About 100 NFL players took a knee or showed some sort of protest during the national anthems Sunday, which has a whole lot of fans talking. They join a long history of athletes taking a political stance.
From the tennis court to taking a swing at changing the court of public opinion, Billy Jean King is best known for her fight for equal pay for women athletes and gender equality in all workplaces.
"To us the dream was if any girl born in this world, if she was good enough that she'd have a place to play, and make a living. And that was our dream. And guess what, now they're living it,” she told USA TODAY.
But even before that American athletes were taking a stand -- like at the 1968 Olympics when Tommie Smith and John Carols held their fists in the black power salute during the medal ceremony playing of the national anthem.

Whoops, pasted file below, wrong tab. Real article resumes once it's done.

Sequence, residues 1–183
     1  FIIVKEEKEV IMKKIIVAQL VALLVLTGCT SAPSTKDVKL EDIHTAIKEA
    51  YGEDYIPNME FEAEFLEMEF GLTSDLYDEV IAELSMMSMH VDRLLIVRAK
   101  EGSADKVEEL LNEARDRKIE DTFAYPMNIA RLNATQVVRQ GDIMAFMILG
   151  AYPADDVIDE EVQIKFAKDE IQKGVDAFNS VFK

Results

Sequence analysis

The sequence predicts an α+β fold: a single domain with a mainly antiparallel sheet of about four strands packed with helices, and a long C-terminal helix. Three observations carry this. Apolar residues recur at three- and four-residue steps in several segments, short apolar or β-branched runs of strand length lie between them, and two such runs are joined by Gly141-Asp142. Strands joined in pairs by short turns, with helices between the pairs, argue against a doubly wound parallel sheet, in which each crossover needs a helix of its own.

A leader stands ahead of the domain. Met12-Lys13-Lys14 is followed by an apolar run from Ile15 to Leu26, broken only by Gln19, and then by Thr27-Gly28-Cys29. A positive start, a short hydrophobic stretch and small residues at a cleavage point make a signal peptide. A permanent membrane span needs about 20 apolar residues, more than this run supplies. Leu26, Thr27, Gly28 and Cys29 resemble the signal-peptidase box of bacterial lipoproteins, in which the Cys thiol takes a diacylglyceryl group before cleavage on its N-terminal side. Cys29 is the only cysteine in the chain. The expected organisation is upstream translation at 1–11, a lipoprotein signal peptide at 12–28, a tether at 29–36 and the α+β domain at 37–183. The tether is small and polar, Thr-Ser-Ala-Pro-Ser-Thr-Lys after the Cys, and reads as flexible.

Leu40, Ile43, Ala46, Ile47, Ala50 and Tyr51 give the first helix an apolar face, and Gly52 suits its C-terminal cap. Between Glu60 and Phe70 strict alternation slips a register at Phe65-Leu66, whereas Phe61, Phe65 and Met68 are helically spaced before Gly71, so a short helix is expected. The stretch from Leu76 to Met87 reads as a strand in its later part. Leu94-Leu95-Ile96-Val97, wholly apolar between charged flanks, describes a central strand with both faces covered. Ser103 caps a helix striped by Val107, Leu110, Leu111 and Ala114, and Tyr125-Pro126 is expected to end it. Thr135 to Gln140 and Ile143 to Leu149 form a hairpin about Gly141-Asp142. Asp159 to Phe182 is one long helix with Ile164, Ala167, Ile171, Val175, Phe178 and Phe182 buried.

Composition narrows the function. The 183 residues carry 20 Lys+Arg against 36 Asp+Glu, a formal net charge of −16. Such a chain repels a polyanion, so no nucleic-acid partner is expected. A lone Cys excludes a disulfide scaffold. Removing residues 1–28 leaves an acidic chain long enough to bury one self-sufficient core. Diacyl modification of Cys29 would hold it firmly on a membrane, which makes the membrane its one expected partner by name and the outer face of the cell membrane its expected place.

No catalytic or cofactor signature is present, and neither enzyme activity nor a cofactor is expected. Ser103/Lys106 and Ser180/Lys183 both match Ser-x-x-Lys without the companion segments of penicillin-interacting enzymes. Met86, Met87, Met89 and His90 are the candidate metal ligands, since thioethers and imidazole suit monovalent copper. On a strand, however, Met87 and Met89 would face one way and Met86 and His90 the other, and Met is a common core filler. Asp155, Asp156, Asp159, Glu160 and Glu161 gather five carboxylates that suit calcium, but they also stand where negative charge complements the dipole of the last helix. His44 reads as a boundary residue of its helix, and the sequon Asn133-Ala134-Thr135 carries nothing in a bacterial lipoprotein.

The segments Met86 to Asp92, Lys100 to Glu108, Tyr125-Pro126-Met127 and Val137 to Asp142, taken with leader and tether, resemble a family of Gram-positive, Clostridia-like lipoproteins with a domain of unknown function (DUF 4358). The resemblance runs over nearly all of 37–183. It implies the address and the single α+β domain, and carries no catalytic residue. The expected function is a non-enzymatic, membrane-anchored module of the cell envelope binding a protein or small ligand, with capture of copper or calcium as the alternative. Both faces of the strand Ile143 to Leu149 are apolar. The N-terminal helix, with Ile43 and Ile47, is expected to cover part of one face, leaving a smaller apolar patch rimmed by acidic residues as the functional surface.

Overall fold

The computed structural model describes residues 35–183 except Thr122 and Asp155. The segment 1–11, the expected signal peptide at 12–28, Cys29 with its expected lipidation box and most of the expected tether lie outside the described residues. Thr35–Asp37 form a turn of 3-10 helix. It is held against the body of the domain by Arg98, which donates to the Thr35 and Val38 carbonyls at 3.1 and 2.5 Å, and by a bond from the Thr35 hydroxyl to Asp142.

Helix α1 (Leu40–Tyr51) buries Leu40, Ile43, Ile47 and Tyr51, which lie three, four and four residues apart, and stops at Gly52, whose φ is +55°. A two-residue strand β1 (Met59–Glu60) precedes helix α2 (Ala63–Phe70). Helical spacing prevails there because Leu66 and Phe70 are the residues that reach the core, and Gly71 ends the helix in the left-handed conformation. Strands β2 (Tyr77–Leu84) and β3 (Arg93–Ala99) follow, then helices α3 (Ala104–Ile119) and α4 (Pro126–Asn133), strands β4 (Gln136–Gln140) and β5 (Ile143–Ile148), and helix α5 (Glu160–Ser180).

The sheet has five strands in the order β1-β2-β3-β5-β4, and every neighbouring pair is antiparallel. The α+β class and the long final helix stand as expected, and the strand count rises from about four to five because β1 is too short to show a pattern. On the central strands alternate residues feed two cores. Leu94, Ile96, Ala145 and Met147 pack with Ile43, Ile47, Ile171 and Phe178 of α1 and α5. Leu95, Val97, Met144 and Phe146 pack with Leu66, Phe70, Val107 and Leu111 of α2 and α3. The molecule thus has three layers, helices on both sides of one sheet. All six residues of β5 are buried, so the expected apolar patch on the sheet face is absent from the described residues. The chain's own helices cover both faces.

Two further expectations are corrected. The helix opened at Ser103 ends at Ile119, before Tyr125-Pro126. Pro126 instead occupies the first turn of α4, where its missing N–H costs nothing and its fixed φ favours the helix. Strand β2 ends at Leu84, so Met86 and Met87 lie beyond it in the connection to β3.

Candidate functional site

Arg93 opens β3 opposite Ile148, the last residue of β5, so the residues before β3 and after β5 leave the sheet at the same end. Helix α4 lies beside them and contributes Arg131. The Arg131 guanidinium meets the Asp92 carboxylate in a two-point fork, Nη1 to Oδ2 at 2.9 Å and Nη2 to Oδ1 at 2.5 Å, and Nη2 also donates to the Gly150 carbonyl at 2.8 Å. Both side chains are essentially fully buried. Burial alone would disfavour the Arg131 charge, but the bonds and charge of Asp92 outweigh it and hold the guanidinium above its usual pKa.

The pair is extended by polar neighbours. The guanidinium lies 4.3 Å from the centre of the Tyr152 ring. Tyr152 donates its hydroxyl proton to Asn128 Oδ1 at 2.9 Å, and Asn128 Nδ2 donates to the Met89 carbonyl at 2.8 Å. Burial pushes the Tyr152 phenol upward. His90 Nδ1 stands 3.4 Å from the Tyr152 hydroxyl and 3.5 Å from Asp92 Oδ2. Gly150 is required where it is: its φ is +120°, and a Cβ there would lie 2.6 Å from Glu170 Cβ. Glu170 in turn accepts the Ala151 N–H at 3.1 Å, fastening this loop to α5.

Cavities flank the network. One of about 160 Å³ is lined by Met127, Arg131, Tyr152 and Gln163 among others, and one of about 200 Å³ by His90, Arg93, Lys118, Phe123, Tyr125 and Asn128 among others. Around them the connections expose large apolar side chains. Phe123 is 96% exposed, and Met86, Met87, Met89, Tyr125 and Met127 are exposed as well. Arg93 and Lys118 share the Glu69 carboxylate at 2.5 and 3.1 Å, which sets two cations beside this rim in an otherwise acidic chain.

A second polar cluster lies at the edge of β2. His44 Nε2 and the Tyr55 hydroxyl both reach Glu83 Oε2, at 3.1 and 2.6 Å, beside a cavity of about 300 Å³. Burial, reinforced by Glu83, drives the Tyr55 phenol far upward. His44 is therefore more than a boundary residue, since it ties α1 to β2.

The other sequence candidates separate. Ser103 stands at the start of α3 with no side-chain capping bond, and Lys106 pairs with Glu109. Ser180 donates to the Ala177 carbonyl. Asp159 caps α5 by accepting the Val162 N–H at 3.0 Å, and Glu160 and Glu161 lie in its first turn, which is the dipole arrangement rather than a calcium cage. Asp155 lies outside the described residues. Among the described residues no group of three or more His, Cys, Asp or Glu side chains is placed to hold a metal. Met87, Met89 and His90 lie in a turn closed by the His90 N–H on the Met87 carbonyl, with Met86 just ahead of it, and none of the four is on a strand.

Perhaps the athlete best known for his political views is Muhammad Ali who refused to fight when drafted into the Vietnam War.
"My conscious won't let me go shoot my brother or some darker people or some poor hungry people in the mud for big powerful America," he said.
American wars touched down differently with NFL player Pat Tillman. He left the league to enlist after September 11th. And died in Afghanistan in 2004.
More recently, the Rams showed support for the black lives moment by walking onto the field with their hands up. And after the death of Trayvon Martin, players Lebron James and Dwayne Wade wore his name on their shoes. All hoping to leave their marks on the game and our culture.